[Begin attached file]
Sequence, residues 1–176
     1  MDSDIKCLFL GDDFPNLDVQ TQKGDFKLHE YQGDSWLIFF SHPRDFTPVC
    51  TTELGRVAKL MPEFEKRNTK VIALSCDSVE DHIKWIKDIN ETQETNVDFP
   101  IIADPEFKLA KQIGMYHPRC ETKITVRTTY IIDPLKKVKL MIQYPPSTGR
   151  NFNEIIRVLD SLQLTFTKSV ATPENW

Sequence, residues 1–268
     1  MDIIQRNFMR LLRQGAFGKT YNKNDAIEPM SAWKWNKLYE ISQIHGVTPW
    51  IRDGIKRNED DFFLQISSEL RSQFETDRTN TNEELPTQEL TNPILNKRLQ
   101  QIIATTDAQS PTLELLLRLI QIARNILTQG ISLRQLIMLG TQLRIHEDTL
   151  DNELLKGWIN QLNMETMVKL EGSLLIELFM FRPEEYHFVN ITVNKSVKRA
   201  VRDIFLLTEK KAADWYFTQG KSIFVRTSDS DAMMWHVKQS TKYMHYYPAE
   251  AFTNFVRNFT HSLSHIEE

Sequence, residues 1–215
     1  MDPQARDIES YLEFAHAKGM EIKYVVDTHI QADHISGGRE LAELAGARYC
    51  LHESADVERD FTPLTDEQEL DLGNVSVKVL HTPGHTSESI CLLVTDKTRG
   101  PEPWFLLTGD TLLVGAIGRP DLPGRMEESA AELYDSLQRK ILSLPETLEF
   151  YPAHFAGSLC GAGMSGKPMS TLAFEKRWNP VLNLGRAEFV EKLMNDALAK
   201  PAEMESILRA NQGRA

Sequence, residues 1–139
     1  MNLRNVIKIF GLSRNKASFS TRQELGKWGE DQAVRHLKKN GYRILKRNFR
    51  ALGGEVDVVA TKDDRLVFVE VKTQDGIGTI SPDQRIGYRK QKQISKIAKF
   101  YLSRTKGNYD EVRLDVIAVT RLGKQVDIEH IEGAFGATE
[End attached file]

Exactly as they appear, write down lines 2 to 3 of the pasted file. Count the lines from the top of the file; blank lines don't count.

     1  MDSDIKCLFL GDDFPNLDVQ TQKGDFKLHE YQGDSWLIFF SHPRDFTPVC
    51  TTELGRVAKL MPEFEKRNTK VIALSCDSVE DHIKWIKDIN ETQETNVDFP